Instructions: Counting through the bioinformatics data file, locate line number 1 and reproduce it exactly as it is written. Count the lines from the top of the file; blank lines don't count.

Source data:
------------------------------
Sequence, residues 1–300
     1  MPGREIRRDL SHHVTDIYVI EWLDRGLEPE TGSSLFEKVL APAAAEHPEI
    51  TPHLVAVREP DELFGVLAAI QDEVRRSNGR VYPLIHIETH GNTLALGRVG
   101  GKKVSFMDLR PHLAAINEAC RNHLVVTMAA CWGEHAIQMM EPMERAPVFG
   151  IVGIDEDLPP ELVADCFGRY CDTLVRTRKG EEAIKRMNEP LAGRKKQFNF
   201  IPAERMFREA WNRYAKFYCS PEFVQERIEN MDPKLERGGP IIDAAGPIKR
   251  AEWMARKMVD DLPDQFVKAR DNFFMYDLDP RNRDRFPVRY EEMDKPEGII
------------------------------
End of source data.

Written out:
Sequence, residues 1–300